Behavioral Health


The Middlesex Hospital Center for Behavioral Health is a full service, inpatient and outpatient facility located on the Middlesex Hospital campus in Middletown, Connecticut. Our psychiatrists and mental health care staff provide health services for children, adolescents, and adults on both an inpatient and outpatient basis.

Each behavioral health patient, whether in an inpatient or outpatient program, will get his or her own specialized treatment plan that creates a pathway to recovery. The treatment plan includes the necessary treatments, medications, therapies, and classes that help create positive outcomes in achieving a healthy lifestyle. Each plan will also include a discharge component to help the patient and his or her family continue to maintain a healthy life.

Our attending psychiatrists have comprehensive special training, experience, and interest in such specialized areas as general psychiatry, consultation psychiatry, geriatric psychiatry, additions and substance abuse, psychopharmacology, and psychotherapy.

Our Center Offers:

  • Comprehensive laboratory service including freezers and centrifuge for clinical trials
  • Test article storage is located in the hospital pharmacy in a double-locked, temperature controlled environment
  • Dedicated rooms for physical exams and monitors
  • EDC capability along with a secure T1 internet service
  • A 20-bed Behavioral Health inpatient unit

Family Advocacy Program

Outpatient services are provided for children and adolescents through the Family Advocacy Program, including in-home crisis intervention, case management, parent aides, young parent programs, perinatal support, and teen pregnancy prevention programs. The Outpatient clinic offers treatment in individual, family, and group therapy to meet general adult and senior psychiatric needs.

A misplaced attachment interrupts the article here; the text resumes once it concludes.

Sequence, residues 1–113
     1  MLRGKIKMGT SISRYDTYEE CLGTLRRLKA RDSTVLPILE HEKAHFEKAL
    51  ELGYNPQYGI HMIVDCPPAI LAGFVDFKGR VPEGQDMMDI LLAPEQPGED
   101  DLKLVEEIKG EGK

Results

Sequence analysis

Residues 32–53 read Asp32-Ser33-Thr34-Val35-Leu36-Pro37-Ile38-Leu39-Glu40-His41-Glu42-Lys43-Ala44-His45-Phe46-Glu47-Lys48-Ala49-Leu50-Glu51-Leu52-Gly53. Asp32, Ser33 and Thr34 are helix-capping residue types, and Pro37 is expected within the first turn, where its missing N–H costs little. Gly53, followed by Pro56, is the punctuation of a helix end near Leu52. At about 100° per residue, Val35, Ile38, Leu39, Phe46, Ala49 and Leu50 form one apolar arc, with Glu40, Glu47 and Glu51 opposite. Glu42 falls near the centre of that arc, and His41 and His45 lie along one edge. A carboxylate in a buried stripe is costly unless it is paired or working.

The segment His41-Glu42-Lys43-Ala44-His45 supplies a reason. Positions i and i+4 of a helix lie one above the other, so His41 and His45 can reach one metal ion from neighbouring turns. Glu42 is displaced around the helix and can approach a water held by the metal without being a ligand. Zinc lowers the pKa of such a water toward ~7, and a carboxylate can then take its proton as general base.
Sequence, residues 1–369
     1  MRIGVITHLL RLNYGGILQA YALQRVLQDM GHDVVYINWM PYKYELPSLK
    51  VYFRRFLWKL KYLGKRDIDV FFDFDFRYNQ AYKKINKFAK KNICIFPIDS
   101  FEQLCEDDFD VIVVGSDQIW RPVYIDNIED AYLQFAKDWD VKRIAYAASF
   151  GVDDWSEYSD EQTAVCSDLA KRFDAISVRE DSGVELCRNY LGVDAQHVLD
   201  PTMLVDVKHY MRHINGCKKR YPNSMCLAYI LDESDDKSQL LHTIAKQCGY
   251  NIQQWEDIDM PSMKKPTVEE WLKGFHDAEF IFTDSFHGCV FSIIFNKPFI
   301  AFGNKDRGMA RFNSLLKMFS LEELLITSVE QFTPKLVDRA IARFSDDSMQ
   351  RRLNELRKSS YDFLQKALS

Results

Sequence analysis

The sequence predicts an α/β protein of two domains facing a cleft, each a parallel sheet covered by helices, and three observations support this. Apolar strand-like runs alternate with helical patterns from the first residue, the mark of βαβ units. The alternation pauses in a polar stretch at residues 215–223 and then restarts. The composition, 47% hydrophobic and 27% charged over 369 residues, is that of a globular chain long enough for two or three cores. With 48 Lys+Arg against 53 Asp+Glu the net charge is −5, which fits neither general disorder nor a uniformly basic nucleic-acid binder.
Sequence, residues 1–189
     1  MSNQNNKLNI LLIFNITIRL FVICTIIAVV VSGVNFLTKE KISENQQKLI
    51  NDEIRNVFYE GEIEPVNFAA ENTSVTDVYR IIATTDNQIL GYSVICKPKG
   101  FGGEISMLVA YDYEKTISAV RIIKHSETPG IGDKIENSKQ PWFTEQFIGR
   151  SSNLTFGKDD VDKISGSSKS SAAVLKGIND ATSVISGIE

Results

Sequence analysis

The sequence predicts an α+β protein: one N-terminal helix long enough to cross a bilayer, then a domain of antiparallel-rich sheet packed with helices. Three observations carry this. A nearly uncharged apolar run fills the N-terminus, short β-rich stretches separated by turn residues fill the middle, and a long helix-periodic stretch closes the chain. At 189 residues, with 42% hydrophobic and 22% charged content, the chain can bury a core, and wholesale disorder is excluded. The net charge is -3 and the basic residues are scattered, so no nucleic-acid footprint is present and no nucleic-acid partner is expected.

Outpatient Behavioral Health Services

  • Day Treatment Program — intensive outpatient services for adults, geriatric patients, and dually-diagnosed patients
  • Outpatient Center for Behavioral Health — psychotherapy and medication management for adults
  • Family Advocacy Program — mental health treatment for patients under 18 years old and their families

Crisis Assessment and Triage Service (CATS)

The Crisis Assessment and Triage Service (CATS) provides telephone assessments and referrals, immediate crisis intervention counseling and consultation to the Emergency Department at Middlesex Hospital. CATS provides services 24 hours a day, seven days a week.

Behavioral Health Clinical Trials

The Middlesex Hospital Behavioral Health Department has participated in 30 clinical trials with 10 different sponsors and universities since 1999. With four investigators, a full-time certified clinical research coordinator, and a psychologist, we are interested and able to conduct research in all areas of CNS.

Our investigators are certified by the American Board of Psychiatry and Neurology, with additional certifications in Child and Adolescent Psychiatry, Addiction Psychiatry, and Geriatric Psychiatry. We have experience working with inpatient and outpatient clinical trials ranging from Phase II to IV. We also have experience working with older adults, and child/adolescent clinical trials.

What is a clinical trial?

A clinical trial (also known as clinical research) is a research study in human volunteers to answer specific health questions. Carefully conducted clinical trials are the fastest and safest way to find treatments that work in people and ways to improve health. Interventional trials determine whether experimental treatments or new ways of using known therapies are safe and effective under controlled environments. Observational trials address health issues in large groups of people or populations in natural settings.

What are the different types of clinical research?

  • Treatment trials: test experimental treatments, new combinations of drugs, or new approaches to surgery or radiation therapy.
  • Prevention trials: look for better ways to prevent disease in people who have never had the disease or to prevent a disease from returning. These approaches may include medicines, vitamins, vaccines, minerals, or lifestyle changes.
  • Diagnostic trials: are conducted to find better tests or procedures for diagnosing a particular disease or condition.
  • Screening trials: test the best way to detect certain diseases or health conditions.
  • Quality of Life trials: explore ways to improve comfort and the quality of life for individuals with a chronic illness.